A reflection on the translation of sex-related language in audio-visual texts: the Spanish version of J.K. Rowling’s The Casual Vacancy
Abstract: Studies on the way sex-related language has been approached in audio-visual translation are still rather limited. This article documents the range of solutions given in Spanish to the sex-related language present in the British TV series The Casual Vacancy (2015), based on the novel of the same title by J.K. Rowling. In order to do so I will cursorily follow the sex-related items on their way from the original novel (The Casual Vacancy, 2012) to its Spanish translation (Una vacante imprevista, 2012) and, later on, to the Spanish screen. For my analysis, the TV script for the BBC One series (February 2015) and the Spanish dubbed version for Canal Plus (May 2015) will be considered. The study shows that patterns of sexual terms, and of how sexual terms are translated, are key indicators of a society’s attitude towards sex/sexuality, (im)morality, (in)decency, the body and gendered/sexual ideologies.
Translating reality TV into Spanish: when fast-food TV challenges AVT conventions
Abstract: In Spain, as in other countries, reality TV seems to be a pervasive phenomenon, materialised in a myriad of domestic and foreign productions. The latter require interlingual translation, which in most cases takes the form of voice-over translation. Despite the prevalence of reality TV and voice-over translation in Spanish television, both fields are still widely underexplored. This article sets out to bridge this research gap by presenting an exploratory study of the translation of reality TV in Spain. To this end, it will first document the prevalence of foreign reality TV in Spanish TV schedules, to then explore the similarities and differences in traditional voice-over translation (i.e. used for documentary translation) versus voice-over translation for reality TV. The focus is on the different types of synchrony observed in voice-over translation, yet the discussion highlights other relevant issues (e.g. approaches to the translation of semi-spontaneous speech) and illustrates how this genre is challenging audiovisual translation (AVT) conventions, as well as blurring the boundaries between AVT modes.
Paolo Virzì’s glocal comedy in English subtitles: an investigation into linguistic and cultural representation
Abstract: Paolo Virzì’s film production is deeply rooted in Italian (often Tuscan) contemporary society, with a focus on the daily lives of ordinary people and the difference between their true selves and their public persona. The language spoken by his colourful characters, which includes regionalisms, slang, colloquialisms and a vast array of idiosyncratic traits, is the quintessence of Virzì’s world and of his bittersweet irony. In this contribution, we aim to illustrate how these culture-specific scenarios are transposed in the English subtitled versions of three recent Virzì films, namely La prima cosa bella [The first beautiful thing] (2010), Paolo Virzì, Italy, Tutti i santi giorni [Every blessed day] (2012), Paolo Virzì, Italy, and Il capitale umano [Human capital] (2014), Paolo Virzì, Italy. We identify the indices of regional or Italian identity, linguistically or culturally expressed, in the three aforementioned films, with a view to elucidating the difficulties behind their translation in the English subtitles.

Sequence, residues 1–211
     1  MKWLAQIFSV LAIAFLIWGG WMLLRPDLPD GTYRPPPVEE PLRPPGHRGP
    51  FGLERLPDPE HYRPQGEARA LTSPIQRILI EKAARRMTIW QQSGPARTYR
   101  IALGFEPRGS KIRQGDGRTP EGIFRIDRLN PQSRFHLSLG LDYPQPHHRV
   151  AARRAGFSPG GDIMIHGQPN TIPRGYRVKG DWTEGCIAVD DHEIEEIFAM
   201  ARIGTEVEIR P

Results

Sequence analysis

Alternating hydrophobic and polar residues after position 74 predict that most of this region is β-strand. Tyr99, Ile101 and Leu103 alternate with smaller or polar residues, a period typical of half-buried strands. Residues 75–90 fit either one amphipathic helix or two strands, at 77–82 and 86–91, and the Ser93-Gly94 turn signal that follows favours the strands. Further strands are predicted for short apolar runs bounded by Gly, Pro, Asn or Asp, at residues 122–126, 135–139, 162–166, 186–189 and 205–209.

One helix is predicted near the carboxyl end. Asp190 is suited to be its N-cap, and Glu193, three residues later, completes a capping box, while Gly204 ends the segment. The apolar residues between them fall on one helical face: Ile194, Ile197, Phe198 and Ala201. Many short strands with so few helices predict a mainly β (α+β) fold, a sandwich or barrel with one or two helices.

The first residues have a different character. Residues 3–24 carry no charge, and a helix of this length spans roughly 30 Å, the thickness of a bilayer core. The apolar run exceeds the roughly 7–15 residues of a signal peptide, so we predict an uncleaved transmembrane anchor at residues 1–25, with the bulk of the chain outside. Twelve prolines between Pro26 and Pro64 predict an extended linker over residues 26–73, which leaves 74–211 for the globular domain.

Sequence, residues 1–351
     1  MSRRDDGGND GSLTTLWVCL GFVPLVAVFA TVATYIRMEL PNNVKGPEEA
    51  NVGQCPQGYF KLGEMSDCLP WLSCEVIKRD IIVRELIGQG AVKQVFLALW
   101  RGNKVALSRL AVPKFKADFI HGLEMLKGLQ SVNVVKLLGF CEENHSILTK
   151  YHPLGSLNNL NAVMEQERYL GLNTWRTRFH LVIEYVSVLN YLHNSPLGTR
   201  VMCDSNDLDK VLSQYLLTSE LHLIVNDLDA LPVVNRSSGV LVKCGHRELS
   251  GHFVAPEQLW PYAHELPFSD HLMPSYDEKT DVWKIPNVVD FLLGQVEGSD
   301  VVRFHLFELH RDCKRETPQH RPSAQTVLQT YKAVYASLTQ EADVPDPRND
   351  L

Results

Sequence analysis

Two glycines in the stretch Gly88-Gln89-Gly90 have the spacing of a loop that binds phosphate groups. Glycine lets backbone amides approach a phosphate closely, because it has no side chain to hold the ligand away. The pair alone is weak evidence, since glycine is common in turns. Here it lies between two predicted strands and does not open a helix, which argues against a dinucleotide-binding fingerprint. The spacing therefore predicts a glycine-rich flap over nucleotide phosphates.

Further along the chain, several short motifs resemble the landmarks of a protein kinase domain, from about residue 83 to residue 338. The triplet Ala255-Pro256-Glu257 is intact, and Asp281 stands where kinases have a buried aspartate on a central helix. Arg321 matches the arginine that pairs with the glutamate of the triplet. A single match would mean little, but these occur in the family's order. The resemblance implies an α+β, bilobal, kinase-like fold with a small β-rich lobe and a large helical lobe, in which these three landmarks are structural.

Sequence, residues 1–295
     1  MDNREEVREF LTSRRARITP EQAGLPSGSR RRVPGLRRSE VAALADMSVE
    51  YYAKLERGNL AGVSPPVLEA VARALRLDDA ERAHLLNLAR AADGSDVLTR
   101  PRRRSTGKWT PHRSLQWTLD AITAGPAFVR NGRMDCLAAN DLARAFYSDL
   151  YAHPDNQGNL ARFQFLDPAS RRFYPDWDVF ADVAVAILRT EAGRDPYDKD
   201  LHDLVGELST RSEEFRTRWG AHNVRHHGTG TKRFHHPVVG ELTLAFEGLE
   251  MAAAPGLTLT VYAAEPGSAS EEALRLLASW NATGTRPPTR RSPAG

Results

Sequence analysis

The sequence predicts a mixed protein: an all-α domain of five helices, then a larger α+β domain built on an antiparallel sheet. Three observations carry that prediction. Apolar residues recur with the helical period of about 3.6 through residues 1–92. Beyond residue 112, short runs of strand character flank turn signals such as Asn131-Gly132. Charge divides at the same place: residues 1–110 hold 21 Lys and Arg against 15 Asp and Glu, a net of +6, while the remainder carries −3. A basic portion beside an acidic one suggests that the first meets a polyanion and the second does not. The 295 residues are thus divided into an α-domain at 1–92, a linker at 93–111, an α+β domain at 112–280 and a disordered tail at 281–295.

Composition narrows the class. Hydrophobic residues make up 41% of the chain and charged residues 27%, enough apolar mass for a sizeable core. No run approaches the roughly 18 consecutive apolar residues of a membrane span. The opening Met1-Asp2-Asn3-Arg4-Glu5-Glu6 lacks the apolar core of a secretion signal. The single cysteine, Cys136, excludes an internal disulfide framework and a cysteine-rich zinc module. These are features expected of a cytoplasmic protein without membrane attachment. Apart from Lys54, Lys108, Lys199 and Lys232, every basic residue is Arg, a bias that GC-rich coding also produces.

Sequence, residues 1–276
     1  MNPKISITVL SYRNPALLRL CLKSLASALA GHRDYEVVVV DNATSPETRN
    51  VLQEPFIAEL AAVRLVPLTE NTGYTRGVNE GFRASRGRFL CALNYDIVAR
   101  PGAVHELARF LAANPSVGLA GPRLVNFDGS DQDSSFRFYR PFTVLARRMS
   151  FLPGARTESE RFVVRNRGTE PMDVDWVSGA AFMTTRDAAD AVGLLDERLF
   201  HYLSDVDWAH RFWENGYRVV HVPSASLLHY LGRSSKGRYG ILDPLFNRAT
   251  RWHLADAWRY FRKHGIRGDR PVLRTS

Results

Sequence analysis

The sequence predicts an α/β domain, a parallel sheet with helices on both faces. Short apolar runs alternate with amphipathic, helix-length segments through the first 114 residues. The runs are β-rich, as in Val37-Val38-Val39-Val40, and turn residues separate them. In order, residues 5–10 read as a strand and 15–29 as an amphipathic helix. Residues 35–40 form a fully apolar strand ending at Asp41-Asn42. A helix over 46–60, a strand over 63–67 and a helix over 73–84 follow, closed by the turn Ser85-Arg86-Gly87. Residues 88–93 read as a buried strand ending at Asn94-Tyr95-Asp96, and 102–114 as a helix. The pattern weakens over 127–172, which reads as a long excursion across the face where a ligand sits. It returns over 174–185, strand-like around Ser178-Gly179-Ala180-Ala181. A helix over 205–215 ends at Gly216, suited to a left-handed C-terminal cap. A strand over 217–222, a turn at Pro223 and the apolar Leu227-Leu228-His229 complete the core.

Voicing diversity? Negotiating Italian identity through voice-over translation in BBC broadcasting
Abstract: This contribution focuses on voice-over translation as a form of intercultural communication. The pilot study discussed here aims to investigate the role of voice-over techniques such as revoicing, narration and simultaneous interpreting in negotiating Italian cultural identity in non-fiction BBC broadcasts. The study is divided into five parts. The theoretical perspectives underpinning the research, narrative theory, imagology and critical discourse analysis are introduced in the first sections. An overview of the literature on voice-over translation follows in section two, while sections three, four and five present the analyses of three mini case studies spanning three non-fiction genres. The contribution concludes with some tentative observations and directions for further research.
Translation of digitized filmstrips: sociocultural aspects and pedagogical potential
Abstract: Filmstrip (a roll of 35 mm positive film containing still images and text) was a medium widely used in educational settings between the 1940s and 1980s. Projected still images were accompanied either by recorded narration or a text read out aloud for the audience, which made filmstrip a unique multimodal medium before videotapes. Filmstrip can be given a special status in the media history of Eastern Europe, where, in addition to education, it was extensively used in home entertainment. This paper presents the technical and sociocultural aspects of this medium and addresses questions about the current trend of digitization, online publishing and translation of filmstrips by amateurs. The paper argues that working with filmstrips offers considerable pedagogical advantages in foreign language teaching and acquisition. It also discusses a survey conducted at Osaka University, where filmstrip translation was used as a preparatory activity of L1 subtitling. The findings show that besides improving learners’ reading and translation skills, the translation of filmstrips might be an optimal didactic tool for sensitizing learners to questions of audiovisual translation, and preparing them for more complex audiovisual translation tasks such as subtitling.